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Britain's Prime Minister Boris Johnson will meet his counterparts in Stockholm and Helsinki during a one-day trip on Wednesday, taking questions from media in both countries.
"We support countries' democratic capability to decide on things like NATO membership," Johnson's spokesman said.
"We understand the positions of Sweden and Finland and that is why the prime minister is going to discuss these broader security issues."
A formal application to join the North Atlantic Treaty Organisation could be made at the alliance's June summit in Madrid and is likely to be fast-tracked, though getting the signatures of all 30 alliance members could take up to a year.
Finland and Sweden would like to have some guarantees that NATO member nations would defend them during any transition period, when they would be applicants to the alliance, but not yet in.
Britain has been one of the strongest supporters of Ukraine's efforts to resist Russian forces since Russian President Vladimir Putin launched the invasion on February 24.
The government has sent anti-tank missiles, air defence systems and other weapons to Ukraine.
The Nordic region's defence capabilities would be strengthened if both joined NATO, allowing joint defence planning within the framework of the alliance, Sweden's defence minister told local radio on Tuesday.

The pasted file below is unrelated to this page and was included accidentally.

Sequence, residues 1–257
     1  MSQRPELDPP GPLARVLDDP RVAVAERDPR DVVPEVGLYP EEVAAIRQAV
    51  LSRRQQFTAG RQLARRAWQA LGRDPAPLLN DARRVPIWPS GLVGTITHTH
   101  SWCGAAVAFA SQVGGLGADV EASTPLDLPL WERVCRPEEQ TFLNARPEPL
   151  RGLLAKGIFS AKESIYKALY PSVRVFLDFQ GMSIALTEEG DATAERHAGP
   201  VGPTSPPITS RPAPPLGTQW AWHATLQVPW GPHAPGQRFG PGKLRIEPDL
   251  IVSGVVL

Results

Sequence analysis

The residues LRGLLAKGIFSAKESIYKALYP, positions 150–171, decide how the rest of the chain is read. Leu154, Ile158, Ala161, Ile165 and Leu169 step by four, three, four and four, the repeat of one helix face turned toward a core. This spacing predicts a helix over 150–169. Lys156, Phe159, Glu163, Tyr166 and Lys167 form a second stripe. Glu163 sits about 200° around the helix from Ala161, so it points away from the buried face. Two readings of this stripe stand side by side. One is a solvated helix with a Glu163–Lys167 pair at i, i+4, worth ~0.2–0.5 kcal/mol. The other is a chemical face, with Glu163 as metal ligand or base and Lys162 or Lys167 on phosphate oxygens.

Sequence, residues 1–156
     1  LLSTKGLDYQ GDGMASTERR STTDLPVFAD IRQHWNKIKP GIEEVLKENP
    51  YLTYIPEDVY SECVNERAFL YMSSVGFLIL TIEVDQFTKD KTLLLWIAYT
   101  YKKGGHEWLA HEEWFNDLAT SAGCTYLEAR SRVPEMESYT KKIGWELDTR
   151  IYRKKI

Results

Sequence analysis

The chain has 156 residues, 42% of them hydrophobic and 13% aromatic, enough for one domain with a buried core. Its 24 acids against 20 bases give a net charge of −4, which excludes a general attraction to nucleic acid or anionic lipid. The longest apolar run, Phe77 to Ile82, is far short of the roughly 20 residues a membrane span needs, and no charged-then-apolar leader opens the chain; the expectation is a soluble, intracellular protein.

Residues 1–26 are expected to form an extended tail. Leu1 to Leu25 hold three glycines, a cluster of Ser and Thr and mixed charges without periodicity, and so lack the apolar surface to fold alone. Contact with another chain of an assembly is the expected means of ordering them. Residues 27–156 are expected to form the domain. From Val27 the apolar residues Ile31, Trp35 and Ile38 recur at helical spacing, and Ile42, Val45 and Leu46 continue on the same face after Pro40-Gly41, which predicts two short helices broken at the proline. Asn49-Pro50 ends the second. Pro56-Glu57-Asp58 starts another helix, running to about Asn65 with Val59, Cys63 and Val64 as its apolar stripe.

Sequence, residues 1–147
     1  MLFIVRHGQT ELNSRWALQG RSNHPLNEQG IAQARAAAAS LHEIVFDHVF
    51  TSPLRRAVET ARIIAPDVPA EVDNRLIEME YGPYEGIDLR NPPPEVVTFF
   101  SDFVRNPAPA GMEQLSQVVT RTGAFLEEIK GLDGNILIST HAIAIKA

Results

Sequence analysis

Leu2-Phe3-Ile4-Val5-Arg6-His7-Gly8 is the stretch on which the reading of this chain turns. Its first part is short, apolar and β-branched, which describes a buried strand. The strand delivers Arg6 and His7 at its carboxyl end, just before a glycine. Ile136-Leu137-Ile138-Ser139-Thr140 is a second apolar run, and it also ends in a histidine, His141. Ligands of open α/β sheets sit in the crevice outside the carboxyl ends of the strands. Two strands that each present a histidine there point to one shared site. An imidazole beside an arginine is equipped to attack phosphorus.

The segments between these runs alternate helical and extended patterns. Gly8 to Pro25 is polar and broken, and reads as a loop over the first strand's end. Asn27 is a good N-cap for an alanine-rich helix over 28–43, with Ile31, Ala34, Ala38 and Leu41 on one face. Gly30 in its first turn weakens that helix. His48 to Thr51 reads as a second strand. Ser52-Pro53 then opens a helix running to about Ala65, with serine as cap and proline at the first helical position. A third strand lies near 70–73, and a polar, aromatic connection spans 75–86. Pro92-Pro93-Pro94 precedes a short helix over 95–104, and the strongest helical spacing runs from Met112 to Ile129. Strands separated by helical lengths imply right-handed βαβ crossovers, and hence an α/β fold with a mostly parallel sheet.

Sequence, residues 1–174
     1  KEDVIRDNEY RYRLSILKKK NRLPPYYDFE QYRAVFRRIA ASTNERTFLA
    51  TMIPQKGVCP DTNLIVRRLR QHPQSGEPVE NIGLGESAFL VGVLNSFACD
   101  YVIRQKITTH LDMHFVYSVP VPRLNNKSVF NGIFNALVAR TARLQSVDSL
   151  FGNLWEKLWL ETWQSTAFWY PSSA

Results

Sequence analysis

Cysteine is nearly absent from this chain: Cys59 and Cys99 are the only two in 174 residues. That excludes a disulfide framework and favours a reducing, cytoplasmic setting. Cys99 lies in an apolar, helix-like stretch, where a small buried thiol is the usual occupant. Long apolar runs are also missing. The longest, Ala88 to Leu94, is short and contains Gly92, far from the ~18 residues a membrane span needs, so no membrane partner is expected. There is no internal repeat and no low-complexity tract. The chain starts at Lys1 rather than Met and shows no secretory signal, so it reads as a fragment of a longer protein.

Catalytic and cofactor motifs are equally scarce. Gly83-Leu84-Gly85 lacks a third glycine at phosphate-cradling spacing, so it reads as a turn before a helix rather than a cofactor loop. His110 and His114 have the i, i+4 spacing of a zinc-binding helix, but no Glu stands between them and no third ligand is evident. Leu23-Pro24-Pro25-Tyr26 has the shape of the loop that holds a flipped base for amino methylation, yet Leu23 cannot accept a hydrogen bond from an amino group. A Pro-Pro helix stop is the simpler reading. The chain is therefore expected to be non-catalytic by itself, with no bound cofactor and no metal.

"(If Sweden and Finland join NATO) there will be the effect that we use each others' strengths and advantages and fully complement each other and also carry out operational planning," Peter Hultqvist of the ruling Social Democrats said.
"If so, the effect will be that we become stronger together. This is something that can happen if we choose to join NATO."
Sweden already has defence agreements with its Nordic neighbours.
The Social Democrats will decide on May 15 whether to drop decades of opposition by the party to NATO membership - a move that would almost certainly lead to Sweden asking to join the alliance.
Finland, which shares a 1300km border and a difficult past with neighbouring Russia, is reconsidering its long-standing position to refrain from joining NATO in order to maintain friendly relations with its eastern neighbour.
Finnish president Sauli Niinisto is this week expected to announce his support for an application.
Denmark, Norway and Iceland are already members of NATO.